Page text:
[Show abstract][Hide abstract] ABSTRACT: Traits used in communication, such as colour signals, are expected to have positive consequences for reproductive success, but their associations with survival are little understood. Previous studies have mainly investigated linear relationships between signals and survival, but both hump-shaped and U-shaped relationships can also be predicted, depending on the main costs involved in trait expression. Furthermore, few studies have taken the plasticity of signals into account in viability selection analyses. The relationship between signal expression and survival is of particular interest in melanin-based traits, because their main costs are still debated. Here, we first determined the main factors explaining variability in a melanin-based trait linked to dominance: the bib size of a colonial bird, the sociable weaver Philetairus socius. We then used these analyses to obtain a measure representative of the individual mean expression of bib size. Finally, we used capture-recapture models to study how survival varied in relation to bib size. Variation in bib size was strongly affected by year and moderately affected by age, body condition and colony size. In addition, individuals bearing small and large bibs had higher survival than those with intermediate bibs, and this U-shaped relationship between survival and bib size appeared to be more pronounced in some years than others. These results constitute a rare example of disruptive viability selection, and point towards the potential importance of social costs incurred by the dominance signalling function of badges of status. This article is protected by copyright. All rights reserved.
This article is protected by copyright. All rights reserved.
Journal of Evolutionary Biology 08/2015; DOI:10.1111/jeb.12717 · 3.48 Impact Factor
[Show abstract][Hide abstract] ABSTRACT: Dispersal is a critical driver of gene flow, with important consequences for population genetic structure, social interactions and other biological processes. Limited dispersal may result in kin-structured populations in which kin selection may operate, but it may also increase the risk of kin competition and inbreeding. Here, we use a combination of long-term field data and molecular genetics to examine dispersal patterns and their consequences for the population genetics of a highly social bird, the sociable weaver (Philetairus socius), which exhibits cooperation at various levels of sociality from nuclear family groups to its unique communal nests. Using 20 years of data, involving capture of 6508 birds and 3151 recaptures at 48 colonies, we found that both sexes exhibit philopatry and that any dispersal occurs over relatively short distances. Dispersal is female-biased, with females dispersing earlier, further, and to less closely related destination colonies than males. Genotyping data from 30 colonies showed that this pattern of dispersal is reflected by fine-scale genetic structure for both sexes, revealed by isolation by distance in terms of genetic relatedness and significant genetic variance among colonies. Both relationships were stronger among males than females. Crucially, significant relatedness extended beyond the level of the colony for both sexes. Such fine-scale population genetic structure may have played an important role in the evolution of cooperative behaviour in this species, but it may also result in a significant inbreeding risk, against which female-biased dispersal alone is unlikely to be an effective strategy. This article is protected by copyright. All rights reserved.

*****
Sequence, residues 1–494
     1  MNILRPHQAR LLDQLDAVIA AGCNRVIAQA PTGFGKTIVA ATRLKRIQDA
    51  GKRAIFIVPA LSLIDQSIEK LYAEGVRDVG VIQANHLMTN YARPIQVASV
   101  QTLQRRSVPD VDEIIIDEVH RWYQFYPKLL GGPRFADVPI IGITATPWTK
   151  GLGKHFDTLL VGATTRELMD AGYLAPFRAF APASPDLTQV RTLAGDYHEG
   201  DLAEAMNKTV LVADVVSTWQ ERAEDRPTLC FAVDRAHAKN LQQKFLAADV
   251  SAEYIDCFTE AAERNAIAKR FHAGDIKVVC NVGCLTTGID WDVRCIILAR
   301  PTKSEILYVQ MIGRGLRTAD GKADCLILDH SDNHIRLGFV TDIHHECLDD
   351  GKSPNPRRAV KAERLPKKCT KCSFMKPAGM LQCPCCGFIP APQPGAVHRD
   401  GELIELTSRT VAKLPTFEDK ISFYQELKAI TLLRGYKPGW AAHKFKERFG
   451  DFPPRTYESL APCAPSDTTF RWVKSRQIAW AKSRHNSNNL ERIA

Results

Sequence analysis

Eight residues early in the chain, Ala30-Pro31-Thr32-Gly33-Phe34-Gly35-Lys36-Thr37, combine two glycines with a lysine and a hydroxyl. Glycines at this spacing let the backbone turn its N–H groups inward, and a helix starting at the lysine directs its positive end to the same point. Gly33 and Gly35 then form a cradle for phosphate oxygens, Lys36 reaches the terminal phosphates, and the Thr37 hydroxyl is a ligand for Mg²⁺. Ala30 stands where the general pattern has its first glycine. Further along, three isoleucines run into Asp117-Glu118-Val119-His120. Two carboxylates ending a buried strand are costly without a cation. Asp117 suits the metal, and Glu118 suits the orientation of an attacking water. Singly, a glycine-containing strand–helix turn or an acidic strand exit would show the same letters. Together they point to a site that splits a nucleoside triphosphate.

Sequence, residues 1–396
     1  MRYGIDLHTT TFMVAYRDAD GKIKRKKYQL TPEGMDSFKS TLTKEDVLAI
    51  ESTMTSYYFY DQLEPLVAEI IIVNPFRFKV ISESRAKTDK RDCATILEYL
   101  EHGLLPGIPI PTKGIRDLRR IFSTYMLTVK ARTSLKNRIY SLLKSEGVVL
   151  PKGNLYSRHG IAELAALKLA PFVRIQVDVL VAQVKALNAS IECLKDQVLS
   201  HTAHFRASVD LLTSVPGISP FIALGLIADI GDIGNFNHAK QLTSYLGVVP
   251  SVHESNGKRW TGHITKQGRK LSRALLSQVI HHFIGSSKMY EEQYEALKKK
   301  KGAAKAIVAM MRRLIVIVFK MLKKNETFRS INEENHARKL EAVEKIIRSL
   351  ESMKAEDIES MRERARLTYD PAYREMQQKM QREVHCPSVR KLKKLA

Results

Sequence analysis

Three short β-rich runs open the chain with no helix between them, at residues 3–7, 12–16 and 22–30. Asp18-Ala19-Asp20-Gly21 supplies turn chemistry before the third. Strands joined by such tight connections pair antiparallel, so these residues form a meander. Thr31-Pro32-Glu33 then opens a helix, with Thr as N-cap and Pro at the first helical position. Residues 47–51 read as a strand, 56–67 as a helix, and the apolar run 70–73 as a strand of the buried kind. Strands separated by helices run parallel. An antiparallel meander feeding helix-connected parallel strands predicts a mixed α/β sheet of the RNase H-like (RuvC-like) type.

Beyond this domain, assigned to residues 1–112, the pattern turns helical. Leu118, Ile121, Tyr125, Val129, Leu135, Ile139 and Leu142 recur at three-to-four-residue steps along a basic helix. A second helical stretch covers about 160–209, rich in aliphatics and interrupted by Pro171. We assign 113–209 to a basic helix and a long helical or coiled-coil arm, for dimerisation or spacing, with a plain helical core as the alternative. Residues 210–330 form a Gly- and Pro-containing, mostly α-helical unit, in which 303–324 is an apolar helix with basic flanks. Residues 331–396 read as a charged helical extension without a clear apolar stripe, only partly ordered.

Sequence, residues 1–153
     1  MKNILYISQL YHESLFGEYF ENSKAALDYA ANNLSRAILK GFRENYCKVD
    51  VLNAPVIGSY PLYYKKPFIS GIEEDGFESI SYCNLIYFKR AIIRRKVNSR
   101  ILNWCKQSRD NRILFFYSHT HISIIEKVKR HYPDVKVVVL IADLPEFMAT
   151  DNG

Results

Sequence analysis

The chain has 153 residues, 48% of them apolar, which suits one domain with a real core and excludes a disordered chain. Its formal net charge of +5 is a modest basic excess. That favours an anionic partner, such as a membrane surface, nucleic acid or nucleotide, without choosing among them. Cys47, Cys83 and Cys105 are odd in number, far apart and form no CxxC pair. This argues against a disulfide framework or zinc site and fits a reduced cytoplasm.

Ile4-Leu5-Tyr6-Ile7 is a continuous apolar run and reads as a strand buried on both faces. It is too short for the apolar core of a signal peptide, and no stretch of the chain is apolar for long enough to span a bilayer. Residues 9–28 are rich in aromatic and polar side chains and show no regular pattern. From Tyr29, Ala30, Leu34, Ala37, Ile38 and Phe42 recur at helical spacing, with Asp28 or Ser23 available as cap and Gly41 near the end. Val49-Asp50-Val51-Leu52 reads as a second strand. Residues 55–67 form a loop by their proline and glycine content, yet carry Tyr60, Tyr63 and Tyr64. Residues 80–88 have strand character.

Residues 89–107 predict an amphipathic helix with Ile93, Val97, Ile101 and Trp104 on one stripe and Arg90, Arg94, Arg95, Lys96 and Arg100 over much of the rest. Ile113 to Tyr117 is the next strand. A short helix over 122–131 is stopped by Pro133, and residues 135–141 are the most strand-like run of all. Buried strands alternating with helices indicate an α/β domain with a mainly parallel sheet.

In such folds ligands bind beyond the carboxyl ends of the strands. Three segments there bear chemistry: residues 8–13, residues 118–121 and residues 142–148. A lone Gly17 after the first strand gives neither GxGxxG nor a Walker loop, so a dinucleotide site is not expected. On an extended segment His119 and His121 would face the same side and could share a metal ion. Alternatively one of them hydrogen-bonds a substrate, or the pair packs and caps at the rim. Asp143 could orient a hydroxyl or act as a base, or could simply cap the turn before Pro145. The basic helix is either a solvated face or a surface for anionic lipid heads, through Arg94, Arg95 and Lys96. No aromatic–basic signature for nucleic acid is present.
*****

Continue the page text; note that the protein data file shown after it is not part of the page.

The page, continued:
This article is protected by copyright. All rights reserved.
[Show abstract][Hide abstract] ABSTRACT: Hosts of brood-parasitic birds must distinguish their own eggs from parasitic mimics, or pay the cost of mistakenly raising a foreign chick. Egg discrimination is easier when different host females of the same species each lay visually distinctive eggs (egg 'signatures'), which helps to foil mimicry by parasites. Here, we ask whether brood parasitism is associated with lower levels of correlation between different egg traits in hosts, making individual host signatures more distinctive and informative. We used entropy as an index of the potential information content encoded by nine aspects of colour, pattern and luminance of eggs of different species in two African bird families (Cisticolidae parasitized by cuckoo finches Anomalospiza imberbis, and Ploceidae by diederik cuckoos Chrysococcyx caprius). Parasitized species showed consistently higher entropy in egg traits than did related, unparasitized species. Decomposing entropy into two variation components revealed that this was mainly driven by parasitized species having lower levels of correlation between different egg traits, rather than higher overall levels of variation in each individual egg trait. This suggests that irrespective of the constraints that might operate on individual egg traits, hosts can further improve their defensive 'signatures' by arranging suites of egg traits into unpredictable combinations.
Proceedings of the Royal Society B: Biological Sciences 07/2015; 282(1810). DOI:10.1098/rspb.2015.0598 · 5.29 Impact Factor